May 15, 2014 3:07 pm

Google inundated with takedown requests after ‘right to be forgotten’ ruling

The Google logo is pictured at a store in Hialeah, Fla.


TORONTO – Google has been inundated with requests to remove users’ data following a European court decision requiring the search engine giant to scrub its search results clean of any embarrassing results.

According to a Reuters report citing people familiar with the matter, Google has yet to figure out how to handle the number of requests it’s received following the ruling to remove content.

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The landmark ruling – referred to as the “Right to be Forgotten” – means that Google and other search engines, including Yahoo and Microsoft’s Bing, must now respond to user requests seeking to remove links to personal information.

While they won’t necessarily have to omit all the links covered in an individual’s request, they will have to make difficult decisions about what should remain within the reach of any web surfer.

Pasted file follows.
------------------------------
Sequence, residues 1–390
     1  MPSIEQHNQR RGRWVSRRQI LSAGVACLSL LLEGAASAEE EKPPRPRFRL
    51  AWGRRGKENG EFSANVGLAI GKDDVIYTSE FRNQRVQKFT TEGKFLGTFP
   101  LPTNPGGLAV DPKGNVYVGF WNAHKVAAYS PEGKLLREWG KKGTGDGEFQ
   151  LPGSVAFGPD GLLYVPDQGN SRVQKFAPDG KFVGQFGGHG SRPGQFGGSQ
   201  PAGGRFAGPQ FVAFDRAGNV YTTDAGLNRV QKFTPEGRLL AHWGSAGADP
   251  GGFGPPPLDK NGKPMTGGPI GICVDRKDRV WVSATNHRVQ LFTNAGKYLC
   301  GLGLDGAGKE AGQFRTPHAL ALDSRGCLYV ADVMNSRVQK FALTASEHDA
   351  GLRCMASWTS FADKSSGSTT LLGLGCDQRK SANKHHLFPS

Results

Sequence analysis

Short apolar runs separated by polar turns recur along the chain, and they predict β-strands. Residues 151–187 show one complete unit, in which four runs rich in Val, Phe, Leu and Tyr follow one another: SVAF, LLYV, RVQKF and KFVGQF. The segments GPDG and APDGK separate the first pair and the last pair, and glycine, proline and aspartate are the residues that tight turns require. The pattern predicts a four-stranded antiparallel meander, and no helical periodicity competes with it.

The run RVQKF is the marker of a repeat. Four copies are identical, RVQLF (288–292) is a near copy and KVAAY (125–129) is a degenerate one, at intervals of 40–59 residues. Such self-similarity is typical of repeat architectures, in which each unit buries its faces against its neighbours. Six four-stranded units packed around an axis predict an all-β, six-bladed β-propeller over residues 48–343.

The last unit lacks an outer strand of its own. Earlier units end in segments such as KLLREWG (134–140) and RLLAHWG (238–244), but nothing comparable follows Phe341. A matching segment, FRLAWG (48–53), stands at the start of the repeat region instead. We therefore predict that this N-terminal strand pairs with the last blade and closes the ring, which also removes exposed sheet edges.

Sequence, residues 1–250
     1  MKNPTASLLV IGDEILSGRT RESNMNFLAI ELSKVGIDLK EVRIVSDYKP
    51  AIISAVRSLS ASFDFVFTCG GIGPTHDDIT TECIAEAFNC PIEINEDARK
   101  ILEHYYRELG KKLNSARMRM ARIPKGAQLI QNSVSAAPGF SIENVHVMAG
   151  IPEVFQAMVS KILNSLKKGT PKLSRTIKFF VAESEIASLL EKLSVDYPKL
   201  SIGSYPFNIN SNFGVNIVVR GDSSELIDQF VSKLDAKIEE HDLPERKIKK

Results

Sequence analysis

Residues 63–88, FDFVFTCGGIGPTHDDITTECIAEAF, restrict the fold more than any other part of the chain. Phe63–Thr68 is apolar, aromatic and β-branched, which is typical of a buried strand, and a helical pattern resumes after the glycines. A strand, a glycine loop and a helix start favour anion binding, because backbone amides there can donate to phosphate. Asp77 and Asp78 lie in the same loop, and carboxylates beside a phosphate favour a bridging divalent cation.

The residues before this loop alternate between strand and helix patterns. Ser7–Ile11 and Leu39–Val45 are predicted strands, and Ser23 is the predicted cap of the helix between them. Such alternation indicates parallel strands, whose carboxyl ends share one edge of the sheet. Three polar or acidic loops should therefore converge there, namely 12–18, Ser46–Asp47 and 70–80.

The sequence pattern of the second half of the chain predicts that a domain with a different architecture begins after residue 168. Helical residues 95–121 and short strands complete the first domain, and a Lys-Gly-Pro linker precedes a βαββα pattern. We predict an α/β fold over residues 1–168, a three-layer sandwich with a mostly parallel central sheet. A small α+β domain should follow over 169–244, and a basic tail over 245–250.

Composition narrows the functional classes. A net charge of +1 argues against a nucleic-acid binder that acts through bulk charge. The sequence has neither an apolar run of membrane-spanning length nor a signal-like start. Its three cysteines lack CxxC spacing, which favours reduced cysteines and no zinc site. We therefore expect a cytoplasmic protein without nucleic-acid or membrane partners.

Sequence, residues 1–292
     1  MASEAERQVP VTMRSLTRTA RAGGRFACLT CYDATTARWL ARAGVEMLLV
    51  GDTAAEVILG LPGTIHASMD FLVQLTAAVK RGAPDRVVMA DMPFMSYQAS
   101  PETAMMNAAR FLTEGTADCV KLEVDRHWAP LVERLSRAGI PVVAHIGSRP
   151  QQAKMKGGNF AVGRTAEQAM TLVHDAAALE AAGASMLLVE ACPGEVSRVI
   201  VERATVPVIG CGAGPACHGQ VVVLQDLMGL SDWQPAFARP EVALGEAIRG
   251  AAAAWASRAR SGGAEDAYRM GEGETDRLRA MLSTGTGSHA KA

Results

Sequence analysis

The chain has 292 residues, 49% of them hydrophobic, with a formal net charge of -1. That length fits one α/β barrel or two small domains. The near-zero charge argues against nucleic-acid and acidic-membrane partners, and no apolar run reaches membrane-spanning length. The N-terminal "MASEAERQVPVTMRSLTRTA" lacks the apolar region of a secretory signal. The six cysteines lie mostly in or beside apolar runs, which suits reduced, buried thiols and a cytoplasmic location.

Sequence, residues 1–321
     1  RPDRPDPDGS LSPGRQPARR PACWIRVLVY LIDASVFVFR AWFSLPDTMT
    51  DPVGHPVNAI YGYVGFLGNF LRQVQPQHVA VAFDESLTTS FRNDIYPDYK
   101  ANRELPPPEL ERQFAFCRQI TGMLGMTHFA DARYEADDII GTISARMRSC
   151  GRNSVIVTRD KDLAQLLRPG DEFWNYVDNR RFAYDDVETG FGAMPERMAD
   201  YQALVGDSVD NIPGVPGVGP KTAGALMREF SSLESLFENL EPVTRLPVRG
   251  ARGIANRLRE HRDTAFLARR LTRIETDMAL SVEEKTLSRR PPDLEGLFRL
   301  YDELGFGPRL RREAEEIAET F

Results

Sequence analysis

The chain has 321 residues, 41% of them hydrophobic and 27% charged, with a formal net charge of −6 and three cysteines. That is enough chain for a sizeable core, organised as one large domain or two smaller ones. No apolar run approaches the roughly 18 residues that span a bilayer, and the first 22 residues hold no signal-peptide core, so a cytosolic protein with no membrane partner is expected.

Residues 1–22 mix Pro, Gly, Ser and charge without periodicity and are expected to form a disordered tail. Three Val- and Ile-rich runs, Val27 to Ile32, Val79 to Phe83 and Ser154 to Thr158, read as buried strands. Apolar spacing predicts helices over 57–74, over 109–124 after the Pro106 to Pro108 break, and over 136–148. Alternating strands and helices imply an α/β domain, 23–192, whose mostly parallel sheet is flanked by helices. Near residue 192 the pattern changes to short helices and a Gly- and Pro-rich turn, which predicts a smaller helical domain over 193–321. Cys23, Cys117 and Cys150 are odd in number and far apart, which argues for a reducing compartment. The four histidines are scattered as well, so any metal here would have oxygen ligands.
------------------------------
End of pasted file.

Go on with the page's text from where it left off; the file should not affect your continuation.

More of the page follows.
READ MORE: How the ‘right to be forgotten’ ruling affects Google and web users

According to Reuters, Google will now have to hire a team of content removal experts to deal with the onslaught of user requests.

“Whether those staffers merely remove controversial links or actually judge the merits of individual take-down requests are among the many questions Google has yet to figure out, the source said,” read the Reuters report.

Google has openly expressed its disappointment in the ruling, however the ruling is not expected to affect the company’s revenue because it does not affect the ads that Google shows alongside its search results, which generate a lot of revenue.

READ MORE: European court rules Google must yield on personal info

“This is a disappointing ruling for search engines and online publishers in general,” a Google spokesperson said Tuesday. “We now need to take time to analyze the implications.”

On Wednesday, Google Executive Chairman Eric Schmidt briefly addressed the ruling during Google’s annual shareholder meeting, stating that the company believes there should be a balance between the right to be forgotten and a right to know.

“Google believes having looked at the decision, which is binding, that the balance that was struck was wrong,” Schmidt said.

© 2014 Shaw Media

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